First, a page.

Doctor of Philosophy, Ecole Polytechnique Federale Lausanne (2011)
Diploma, University Of Belgrade (2005)
Aaron Gitler, Postdoctoral Faculty Sponsor
ALS is associated with RNA processing impairments involving the RNA-binding protein TDP-43. Pioneering a novel RNA beacon to illuminate RNA trafficking in neurons, Alami et al. (2014) discover a cytoplasmic function for TDP-43, suggesting a new disease mechanism.
View details for DOI 10.1016/j.neuron.2014.01.034
View details for PubMedID 24507183
Amyotrophic lateral sclerosis (ALS) is a devastating neurodegenerative disease whose causes are still poorly understood. To identify additional genetic risk factors, we assessed the role of de novo mutations in ALS by sequencing the exomes of 47 ALS patients and both of their unaffected parents (n = 141 exomes). We found that amino acid-altering de novo mutations were enriched in genes encoding chromatin regulators, including the neuronal chromatin remodeling complex (nBAF) component SS18L1 (also known as CREST). CREST mutations inhibited activity-dependent neurite outgrowth in primary neurons, and CREST associated with the ALS protein FUS. These findings expand our understanding of the ALS genetic landscape and provide a resource for future studies into the pathogenic mechanisms contributing to sporadic ALS.
View details for DOI 10.1038/nn.3412
View details for PubMedID 23708140
MicroRNAs (miRNAs) have been shown to play important roles in both brain development and the regulation of adult neural cell functions. However, a systematic analysis of brain miRNA functions has been hindered by a lack of comprehensive information regarding the distribution of miRNAs in neuronal versus glial cells. To address this issue, we performed microarray analyses of miRNA expression in the four principal cell types of the CNS (neurons, astrocytes, oligodendrocytes, and microglia) using primary cultures from postnatal d 1 rat cortex. These analyses revealed that neural miRNA expression is highly cell-type specific, with 116 of the 351 miRNAs examined being differentially expressed fivefold or more across the four cell types. We also demonstrate that individual neuron-enriched or neuron-diminished RNAs had a significant impact on the specification of neuronal phenotype: overexpression of the neuron-enriched miRNAs miR-376a and miR-434 increased the differentiation of neural stem cells into neurons, whereas the opposite effect was observed for the glia-enriched miRNAs miR-223, miR-146a, miR-19, and miR-32. In addition, glia-enriched miRNAs were shown to inhibit aberrant glial expression of neuronal proteins and phenotypes, as exemplified by miR-146a, which inhibited neuroligin 1-dependent synaptogenesis. This study identifies new nervous system functions of specific miRNAs, reveals the global extent to which the brain may use differential miRNA expression to regulate neural cell-type-specific phenotypes, and provides an important data resource that defines the compartmentalization of brain miRNAs across different cell types.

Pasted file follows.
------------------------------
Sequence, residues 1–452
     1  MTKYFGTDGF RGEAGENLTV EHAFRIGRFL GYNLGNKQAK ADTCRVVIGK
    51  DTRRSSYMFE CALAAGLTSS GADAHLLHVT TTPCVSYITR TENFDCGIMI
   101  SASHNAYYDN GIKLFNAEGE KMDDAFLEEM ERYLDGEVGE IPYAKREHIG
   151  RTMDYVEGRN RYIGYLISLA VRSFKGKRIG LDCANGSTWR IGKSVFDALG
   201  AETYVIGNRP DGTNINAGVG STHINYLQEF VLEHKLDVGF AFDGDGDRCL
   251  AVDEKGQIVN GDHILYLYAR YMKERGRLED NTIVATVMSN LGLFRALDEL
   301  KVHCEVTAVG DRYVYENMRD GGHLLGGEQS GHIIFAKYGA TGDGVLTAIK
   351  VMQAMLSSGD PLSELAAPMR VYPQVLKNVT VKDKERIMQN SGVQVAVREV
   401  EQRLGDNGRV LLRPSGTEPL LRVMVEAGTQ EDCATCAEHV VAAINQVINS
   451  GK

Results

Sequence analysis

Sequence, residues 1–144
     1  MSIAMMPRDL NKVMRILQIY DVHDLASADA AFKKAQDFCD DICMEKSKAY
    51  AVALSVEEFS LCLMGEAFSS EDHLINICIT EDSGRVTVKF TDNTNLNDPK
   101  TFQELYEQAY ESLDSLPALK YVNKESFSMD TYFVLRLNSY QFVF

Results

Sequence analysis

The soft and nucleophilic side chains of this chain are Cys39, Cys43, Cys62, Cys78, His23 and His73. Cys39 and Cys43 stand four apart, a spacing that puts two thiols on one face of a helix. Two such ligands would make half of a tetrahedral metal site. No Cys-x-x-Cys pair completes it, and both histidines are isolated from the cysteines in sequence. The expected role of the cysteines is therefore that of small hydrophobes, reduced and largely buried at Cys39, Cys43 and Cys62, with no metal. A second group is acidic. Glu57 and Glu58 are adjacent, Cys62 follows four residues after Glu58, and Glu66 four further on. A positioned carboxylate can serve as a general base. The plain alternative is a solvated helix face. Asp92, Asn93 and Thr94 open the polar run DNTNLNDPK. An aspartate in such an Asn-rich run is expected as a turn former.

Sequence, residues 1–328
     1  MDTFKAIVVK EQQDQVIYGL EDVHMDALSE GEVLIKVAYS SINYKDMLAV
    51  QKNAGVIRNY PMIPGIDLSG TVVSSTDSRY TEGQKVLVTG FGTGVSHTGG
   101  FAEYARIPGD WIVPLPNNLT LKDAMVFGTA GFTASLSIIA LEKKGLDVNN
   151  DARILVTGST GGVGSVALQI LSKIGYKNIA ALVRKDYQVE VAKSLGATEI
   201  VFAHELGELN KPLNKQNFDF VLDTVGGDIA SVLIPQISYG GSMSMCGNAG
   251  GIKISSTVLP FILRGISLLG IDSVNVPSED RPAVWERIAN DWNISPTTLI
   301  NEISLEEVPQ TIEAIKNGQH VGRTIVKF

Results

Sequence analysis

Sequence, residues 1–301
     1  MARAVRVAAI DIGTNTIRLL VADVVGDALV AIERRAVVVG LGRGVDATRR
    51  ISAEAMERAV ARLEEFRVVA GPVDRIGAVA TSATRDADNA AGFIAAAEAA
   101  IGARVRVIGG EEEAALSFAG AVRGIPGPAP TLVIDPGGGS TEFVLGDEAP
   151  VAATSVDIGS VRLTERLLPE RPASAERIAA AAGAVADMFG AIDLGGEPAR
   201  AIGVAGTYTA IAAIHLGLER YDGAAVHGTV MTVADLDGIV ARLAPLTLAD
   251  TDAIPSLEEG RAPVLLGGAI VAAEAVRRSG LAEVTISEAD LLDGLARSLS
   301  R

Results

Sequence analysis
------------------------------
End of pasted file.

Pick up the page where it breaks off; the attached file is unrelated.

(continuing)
View details for DOI 10.1523/JNEUROSCI.0600-12.2013
View details for Web of Science ID 000316553800007
View details for PubMedID 23516279
Whereas many causes and mechanisms of neurodegenerative diseases have been identified, very few therapeutic strategies have emerged in parallel. One possible explanation is that successful treatment strategy may require simultaneous targeting of more than one molecule of pathway. A new therapeutic approach to have emerged recently is the engagement of microRNAs (miRNAs), which affords the opportunity to target multiple cellular pathways simultaneously using a single sequence.We identified miR-22 as a potentially neuroprotective miRNA based on its predicted regulation of several targets implicated in Huntington's disease (histone deacetylase 4 (HDAC4), REST corepresor 1 (Rcor1) and regulator of G-protein signaling 2 (Rgs2)) and its diminished expression in Huntington's and Alzheimer's disease brains. We then tested the hypothesis that increasing cellular levels of miRNA-22 would achieve neuroprotection in in vitro models of neurodegeneration. As predicted, overexpression of miR-22 inhibited neurodegeneration in primary striatal and cortical cultures exposed to a mutated human huntingtin fragment (Htt171-82Q). Overexpression of miR-22 also decreased neurodegeneration in primary neuronal cultures exposed to 3-nitropropionic acid (3-NP), a mitochondrial complex II/III inhibitor. In addition, miR-22 improved neuronal viability in an in vitro model of brain aging. The mechanisms underlying the effects of miR-22 included a reduction in caspase activation, consistent with miR-22's targeting the pro-apoptotic activities of mitogen-activated protein kinase 14/p38 (MAPK14/p38) and tumor protein p53-inducible nuclear protein 1 (Tp53inp1). Moreover, HD-specific effects comprised not only targeting HDAC4, Rcor1 and Rgs2 mRNAs, but also decreasing focal accumulation of mutant Htt-positive foci, which occurred via an unknown mechanism.These data show that miR-22 has multipartite anti-neurodegenerative activities including the inhibition of apoptosis and the targeting of mRNAs implicated in the etiology of HD. These results motivate additional studies to evaluate the feasibility and therapeutic efficacy of manipulating miR-22 in vivo.
View details for DOI 10.1371/journal.pone.0054222
View details for PubMedID 23349832